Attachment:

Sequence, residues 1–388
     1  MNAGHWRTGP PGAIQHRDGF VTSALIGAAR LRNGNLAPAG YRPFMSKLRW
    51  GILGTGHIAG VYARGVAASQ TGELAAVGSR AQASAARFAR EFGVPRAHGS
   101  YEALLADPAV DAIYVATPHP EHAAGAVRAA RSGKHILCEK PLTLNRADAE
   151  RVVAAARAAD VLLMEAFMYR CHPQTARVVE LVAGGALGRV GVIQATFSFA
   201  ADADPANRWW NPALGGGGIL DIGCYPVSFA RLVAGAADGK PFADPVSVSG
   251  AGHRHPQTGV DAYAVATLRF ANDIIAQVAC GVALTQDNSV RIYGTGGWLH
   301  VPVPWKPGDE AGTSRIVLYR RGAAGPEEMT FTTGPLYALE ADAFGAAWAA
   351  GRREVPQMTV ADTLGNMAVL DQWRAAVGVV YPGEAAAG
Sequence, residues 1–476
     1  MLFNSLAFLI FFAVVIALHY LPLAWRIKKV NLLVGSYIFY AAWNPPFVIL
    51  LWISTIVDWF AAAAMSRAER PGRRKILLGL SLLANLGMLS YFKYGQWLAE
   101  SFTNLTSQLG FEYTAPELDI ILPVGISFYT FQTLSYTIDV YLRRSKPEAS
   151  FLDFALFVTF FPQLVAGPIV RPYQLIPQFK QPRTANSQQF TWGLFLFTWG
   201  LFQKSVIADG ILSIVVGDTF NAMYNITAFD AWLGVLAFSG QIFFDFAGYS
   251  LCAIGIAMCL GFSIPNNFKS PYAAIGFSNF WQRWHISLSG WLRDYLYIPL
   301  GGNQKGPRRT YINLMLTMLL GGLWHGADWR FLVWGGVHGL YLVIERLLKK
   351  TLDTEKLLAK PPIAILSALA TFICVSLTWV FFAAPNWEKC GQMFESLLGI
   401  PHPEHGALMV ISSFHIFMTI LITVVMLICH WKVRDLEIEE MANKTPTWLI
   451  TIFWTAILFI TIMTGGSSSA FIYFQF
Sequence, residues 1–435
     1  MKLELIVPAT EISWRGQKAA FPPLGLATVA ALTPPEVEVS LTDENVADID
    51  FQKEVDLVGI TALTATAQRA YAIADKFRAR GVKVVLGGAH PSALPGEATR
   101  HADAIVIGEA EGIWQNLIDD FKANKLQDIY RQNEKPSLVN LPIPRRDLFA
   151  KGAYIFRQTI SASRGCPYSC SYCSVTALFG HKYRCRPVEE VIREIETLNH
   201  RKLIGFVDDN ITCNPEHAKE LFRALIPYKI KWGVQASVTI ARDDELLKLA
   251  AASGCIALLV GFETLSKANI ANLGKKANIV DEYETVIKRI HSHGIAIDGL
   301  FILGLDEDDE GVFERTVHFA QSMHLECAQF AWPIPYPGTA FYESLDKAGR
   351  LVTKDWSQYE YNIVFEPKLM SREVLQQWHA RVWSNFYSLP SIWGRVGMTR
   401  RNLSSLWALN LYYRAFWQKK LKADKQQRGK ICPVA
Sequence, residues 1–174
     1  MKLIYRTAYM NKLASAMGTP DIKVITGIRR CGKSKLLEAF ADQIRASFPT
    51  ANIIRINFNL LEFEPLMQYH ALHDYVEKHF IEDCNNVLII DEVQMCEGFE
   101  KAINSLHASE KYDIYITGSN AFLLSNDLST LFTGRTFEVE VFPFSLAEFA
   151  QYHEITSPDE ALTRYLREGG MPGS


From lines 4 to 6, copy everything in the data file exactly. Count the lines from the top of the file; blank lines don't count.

   101  YEALLADPAV DAIYVATPHP EHAAGAVRAA RSGKHILCEK PLTLNRADAE
   151  RVVAAARAAD VLLMEAFMYR CHPQTARVVE LVAGGALGRV GVIQATFSFA
   201  ADADPANRWW NPALGGGGIL DIGCYPVSFA RLVAGAADGK PFADPVSVSG